In the fall a young girl's fancy lightly turns to thoughts of fear. Or, in other words, it's Halloween, and there's a ghost in every cupboard and a vampire hiding under every bed. (But it's okay, they come in all flavours now - maybe you'll get a modern, cute, sparkly one rather than the old-fashioned repulsive kind with the bat ears.)
In the spirit of the season, I was talking to my daughter the other day about our biggest fears: I said mine was spiders, and being trapped in small dark spaces, and being trapped in small dark spaces with spiders. She said - rather smugly, I felt - "Mine is that my family and everyone I love will die." There's something particularly embarrassing about being morally upstaged by a seven-year-old, so I said quickly, "Yes, I meant that too, obviously," and changed the subject.
I was right, though. About the spiders. They are the scariest thing, and I can prove it. Look at any list of common phobias. All the others make rational sense. Fear of heights, open spaces, flying, snakes - these are all things that could actually damage you. But most spiders, friends keep telling me, are harmless. Even beneficial. Sometimes people go on about how lovely and appealing they are, poor deluded fools.
But you're supposed to trust your instincts. If you meet someone at a party and they inspire a vague but definite sense of repulsion and fear, do you decide to ignore that and go home with them? No. If you look at a picture of, let's say, a current UK prime minister, and experience a sinking sensation and a feeling of despair at the sight of his grinning, privileged, benefits-denying face, do you pretend everything's ok and vote for him anyway? No.*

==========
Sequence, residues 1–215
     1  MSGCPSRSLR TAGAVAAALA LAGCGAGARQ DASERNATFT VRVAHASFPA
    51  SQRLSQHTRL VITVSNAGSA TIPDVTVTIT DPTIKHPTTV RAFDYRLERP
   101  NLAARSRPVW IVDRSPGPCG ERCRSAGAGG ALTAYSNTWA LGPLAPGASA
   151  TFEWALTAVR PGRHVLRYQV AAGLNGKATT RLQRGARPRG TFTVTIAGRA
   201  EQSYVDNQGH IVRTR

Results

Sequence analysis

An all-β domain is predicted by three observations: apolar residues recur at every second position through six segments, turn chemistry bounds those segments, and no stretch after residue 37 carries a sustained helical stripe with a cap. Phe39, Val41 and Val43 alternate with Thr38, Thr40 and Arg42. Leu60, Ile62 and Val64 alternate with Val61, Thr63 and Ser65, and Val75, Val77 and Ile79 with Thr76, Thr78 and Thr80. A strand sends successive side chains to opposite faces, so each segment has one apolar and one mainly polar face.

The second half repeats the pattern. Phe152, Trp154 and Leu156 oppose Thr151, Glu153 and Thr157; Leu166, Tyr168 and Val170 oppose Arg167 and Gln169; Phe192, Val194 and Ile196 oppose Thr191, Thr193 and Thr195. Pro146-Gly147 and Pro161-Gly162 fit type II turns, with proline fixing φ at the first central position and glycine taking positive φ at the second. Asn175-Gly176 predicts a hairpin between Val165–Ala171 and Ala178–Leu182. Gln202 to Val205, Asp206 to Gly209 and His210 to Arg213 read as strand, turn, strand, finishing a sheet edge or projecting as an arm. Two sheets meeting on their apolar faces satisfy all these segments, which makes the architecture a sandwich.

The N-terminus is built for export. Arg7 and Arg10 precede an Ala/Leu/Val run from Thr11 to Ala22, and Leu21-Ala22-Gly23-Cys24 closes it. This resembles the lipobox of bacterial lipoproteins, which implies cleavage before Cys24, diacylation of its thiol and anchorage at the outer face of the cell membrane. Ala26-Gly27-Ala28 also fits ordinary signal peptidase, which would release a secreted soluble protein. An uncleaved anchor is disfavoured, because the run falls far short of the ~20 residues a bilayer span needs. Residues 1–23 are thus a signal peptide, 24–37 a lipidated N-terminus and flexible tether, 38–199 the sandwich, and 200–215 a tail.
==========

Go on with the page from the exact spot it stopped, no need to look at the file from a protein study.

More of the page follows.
And so with spiders. How many people in the world look at a spider and find their inner voice screaming: "EVIL! EVIL! EVIL!" Should we ignore that reaction? No! It must be based on something, and I submit that it's based on the simple fact that spiders are pure alien malice in tiny dark eight-legged form. They really are out to get you. They want you to suffer. They don't need to bite you or try to eat your brains, like your common-or-garden monsters. They're beyond all that. They just need to hang quietly in the corner of a bedroom, occasionally moving closer when you're not looking. Or scuttle across the floor as you're in the middle of wrapping a birthday present, causing you to squeal like a five-year-old and hide in your room for the next four hours, sobbing quietly. (Yes, giant arachnid from my Southfields flat in 1998, I haven't forgotten you.)
Spiders hate us. Even you, people who think they're adorable. You are merely their dupes, and will perish with the rest of us when all the spiders in the world swell to their true size of ten feet across and trap humanity in one gigantic sticky web. We will look at each other as we dangle, stuck and waiting to be slowly dissolved in spider venom, and we will wish we'd destroyed them all while we had the chance. Don't say I didn't warn you.
*Oops, I seem to be channelling my friend Choler there...
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